While 90% of internal combustion engine emissions are carbon dioxide, a greenhouse gas, "To trade one emission for another is not the best strategy," Swanton said. "We've got to balance the two."

    In the 2011 American Lung Assn. State of the Air report, eight of the top 10 cities for ozone pollution were in California. Los Angeles ranked first.

    Despite the MythBusters' findings, emissions are only part of the story of a vehicle's true greenness. According to the Motorcycle Industry Council, motorcycle manufacturing requires thousands fewer pounds of raw materials than automobiles. They require less fossil fuel, so they require less energy to pull that fossil fuel out of the ground. They use fewer chemicals and oils than cars. And motorcycles produced today are 90% cleaner in California than they were 30 years ago.

    Note to MythBusters: How about a cradle-to-grave life cycle assessment for cars and motorcycles for the Season 9 opener?
     
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  2. easily fixed with a catalyst
    i call bullshit on the statistics. If they bikes are only emit 4 times more HC than other vehicles then they account for 4% of total HC emissions don't they?
     
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  3. Yeah, sounds like motorcycles are getting scapegoated for something.
     
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  4. I recall Honda claiming that for some US cities, their exhaust gases (VFR1200?) are cleaner than the air going in!

    I wonder what 'late model 250cc single cylinder with FI and cat' was tested?
    Hopefully not an RS250...

    "While 90% of internal combustion engine emissions are carbon dioxide, a greenhouse gas..."
    CO2 is the only game in town, really.
     
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  5. But motorcyclists shower a lot less - so it evens out right?
     
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  6. I wonder if they took filtering into account and the fact that a motorbike in peak hour traffic will spend half the time burning fuel than a car idling away for an hour on the same length commute.
     
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  7. The RS250 is a twin and was not really sold in the USA. They probably tested the cbr250r .


    Whole of life emissions would also be interesting as lots less stuff go into bikes, so less mining and refining etc. Though less life.
     
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  8. It was a Yamaha 250 trail bike, wearing road tyres.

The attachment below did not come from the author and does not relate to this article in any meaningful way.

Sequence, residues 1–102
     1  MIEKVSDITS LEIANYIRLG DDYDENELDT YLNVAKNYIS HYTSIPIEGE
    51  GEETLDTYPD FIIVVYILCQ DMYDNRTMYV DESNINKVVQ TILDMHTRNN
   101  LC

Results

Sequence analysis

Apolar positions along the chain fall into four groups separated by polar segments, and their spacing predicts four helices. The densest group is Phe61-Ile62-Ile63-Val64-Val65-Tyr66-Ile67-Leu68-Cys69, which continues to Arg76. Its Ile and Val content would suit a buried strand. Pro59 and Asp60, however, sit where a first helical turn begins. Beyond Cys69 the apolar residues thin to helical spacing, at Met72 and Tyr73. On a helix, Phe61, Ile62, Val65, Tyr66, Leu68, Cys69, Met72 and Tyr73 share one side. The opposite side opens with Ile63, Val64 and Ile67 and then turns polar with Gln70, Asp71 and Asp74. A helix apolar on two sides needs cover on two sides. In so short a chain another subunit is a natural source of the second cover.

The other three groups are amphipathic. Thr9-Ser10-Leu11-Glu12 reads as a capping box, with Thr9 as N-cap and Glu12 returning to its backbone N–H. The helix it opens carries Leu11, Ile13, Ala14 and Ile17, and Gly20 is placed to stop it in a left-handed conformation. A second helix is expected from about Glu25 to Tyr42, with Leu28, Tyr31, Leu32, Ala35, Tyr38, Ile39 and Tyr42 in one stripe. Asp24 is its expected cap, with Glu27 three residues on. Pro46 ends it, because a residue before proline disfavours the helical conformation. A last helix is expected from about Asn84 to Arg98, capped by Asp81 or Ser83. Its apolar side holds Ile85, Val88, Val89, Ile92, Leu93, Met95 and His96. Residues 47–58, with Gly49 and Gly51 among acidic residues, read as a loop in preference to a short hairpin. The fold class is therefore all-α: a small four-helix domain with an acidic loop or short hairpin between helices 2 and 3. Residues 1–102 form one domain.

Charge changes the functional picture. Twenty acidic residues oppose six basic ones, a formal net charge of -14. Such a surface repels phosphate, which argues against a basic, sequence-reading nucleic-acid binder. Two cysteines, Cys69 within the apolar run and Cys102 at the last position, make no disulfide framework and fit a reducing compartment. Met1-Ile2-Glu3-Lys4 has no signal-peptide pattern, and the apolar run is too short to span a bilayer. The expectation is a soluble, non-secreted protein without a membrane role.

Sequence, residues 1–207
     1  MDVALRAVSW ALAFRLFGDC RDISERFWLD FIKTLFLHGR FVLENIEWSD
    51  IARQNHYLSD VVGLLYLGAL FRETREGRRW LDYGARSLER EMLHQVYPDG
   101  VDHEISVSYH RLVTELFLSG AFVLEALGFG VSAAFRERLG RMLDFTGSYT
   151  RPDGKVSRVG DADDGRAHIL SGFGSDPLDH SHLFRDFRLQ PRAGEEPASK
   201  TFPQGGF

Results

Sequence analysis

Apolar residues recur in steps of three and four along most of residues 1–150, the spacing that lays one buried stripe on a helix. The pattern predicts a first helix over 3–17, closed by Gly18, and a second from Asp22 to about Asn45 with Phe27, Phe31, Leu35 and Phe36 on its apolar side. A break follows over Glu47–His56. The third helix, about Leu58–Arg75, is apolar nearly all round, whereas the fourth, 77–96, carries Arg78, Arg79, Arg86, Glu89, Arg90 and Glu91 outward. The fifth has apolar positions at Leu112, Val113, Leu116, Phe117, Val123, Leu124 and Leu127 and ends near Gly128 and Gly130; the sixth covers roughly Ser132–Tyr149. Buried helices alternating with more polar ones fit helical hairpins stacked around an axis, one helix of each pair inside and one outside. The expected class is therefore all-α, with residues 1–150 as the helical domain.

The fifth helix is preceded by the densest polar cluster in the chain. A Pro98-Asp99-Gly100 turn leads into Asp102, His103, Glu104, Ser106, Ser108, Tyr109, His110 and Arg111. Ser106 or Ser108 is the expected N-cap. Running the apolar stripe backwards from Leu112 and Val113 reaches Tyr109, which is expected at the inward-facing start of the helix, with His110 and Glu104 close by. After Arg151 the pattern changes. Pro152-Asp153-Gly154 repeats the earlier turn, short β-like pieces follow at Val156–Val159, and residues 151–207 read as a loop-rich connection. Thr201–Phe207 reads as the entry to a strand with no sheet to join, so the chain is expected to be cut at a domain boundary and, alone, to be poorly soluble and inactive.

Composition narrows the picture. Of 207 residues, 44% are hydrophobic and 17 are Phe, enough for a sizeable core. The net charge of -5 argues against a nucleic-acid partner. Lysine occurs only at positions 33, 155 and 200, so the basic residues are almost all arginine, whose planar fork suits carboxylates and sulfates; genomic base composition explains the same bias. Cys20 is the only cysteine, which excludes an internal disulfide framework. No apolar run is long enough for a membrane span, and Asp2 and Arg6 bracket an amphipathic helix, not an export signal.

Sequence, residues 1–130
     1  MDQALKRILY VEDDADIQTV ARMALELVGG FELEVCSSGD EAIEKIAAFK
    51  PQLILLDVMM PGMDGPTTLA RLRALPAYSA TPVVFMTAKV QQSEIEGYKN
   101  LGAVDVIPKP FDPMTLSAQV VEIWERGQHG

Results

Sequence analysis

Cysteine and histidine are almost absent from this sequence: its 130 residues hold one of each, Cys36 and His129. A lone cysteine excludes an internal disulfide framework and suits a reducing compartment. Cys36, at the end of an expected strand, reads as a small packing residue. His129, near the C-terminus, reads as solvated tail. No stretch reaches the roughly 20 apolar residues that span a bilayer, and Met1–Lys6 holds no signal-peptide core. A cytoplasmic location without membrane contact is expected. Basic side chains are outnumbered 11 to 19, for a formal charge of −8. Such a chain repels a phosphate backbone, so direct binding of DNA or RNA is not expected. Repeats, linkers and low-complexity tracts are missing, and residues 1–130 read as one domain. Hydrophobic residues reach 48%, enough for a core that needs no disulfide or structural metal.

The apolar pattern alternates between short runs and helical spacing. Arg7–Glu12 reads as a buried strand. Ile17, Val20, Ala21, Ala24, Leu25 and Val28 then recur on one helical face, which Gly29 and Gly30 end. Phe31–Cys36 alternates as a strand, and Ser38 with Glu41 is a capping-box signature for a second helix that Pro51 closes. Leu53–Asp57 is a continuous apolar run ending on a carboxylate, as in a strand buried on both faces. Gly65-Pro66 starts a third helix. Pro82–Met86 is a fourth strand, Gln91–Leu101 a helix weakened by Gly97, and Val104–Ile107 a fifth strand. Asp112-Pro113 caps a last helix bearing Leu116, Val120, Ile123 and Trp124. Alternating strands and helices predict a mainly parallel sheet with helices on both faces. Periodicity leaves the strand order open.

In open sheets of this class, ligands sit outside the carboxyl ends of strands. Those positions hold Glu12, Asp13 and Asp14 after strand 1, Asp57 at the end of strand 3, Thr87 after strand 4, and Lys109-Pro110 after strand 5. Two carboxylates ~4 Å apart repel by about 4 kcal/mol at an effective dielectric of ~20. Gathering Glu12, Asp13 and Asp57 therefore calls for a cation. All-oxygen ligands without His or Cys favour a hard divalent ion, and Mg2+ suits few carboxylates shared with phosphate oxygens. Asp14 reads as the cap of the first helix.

They chose it because it has fuel injection, small displacement, a catalytic converter and all the other emissions-control features they'd seen on modern bikes and therefore ought to have given the best chance at beating car emissions. Being a trailbike it'd be tuned for less drastic valve overlap (more bottom end power, less top-end power) and so in my mind that ought to help at well.

    With the bare bike they got 50mpg average; with the aerodynamic teardrop/bubble over it they got about 70mpg, but the hydrocarbons, NOx and CO were still pretty bad.


    If I had to guess I'd say part of the problem for motorcycles is that bikes run a _ridiculous_ amount of valve overlap because the engines are designed to crank out 120-180hp/litre rather than 60-80hp/litre. Even with a catalytic converter, charcoal canister and more, a metric shit-tonne of hydrocarbons and noxious gasses are going to be present from how much unburned fuel makes it from intake to exhaust when the bike's at lower revs and partial throttle.

    Edit: Actually, one disappointment with that episode was that they didn't talk about WHY bikes might hypothetically perform worse in terms of HC, NOx, CO, etc. Not even a glib comment like "There's no room for a proper-sized cat on a bike!" or discussion of how valve overlap lets a tonne of unburned fuel pass from intake to exhaust, etc. It was a straight-up test of the myth rather than exploration of the myth to educate and illustrate, like what they used to do in the past.
     
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  9. Win for BMW then :D. The old 2-valve K-Series bikes have precisely zero valve overlap. When I noticed that I wondered if the valve timing was to suit forced induction but now you mention it, emissions reasons seem more likely.

    Earlier posters are right, though. Emissions can't be considered in isolation. Whole of life, journey time, traffic congestion and general resource use (parking space is not environmentally "free" for example) need to be taken into account.

    There is also the point that passenger car emissions may now be approaching the limit of what is possible with the conventional four-stroke cycle, petroleum fuelled engine. Bike emission technology, however, is still improving rapidly.

    TBH, I've always thought bikes don't compare that well environmentally, but I don't believe that, as part of the bigger picture, they pull up quite as badly as a relatively superficial and limited test such as this shows.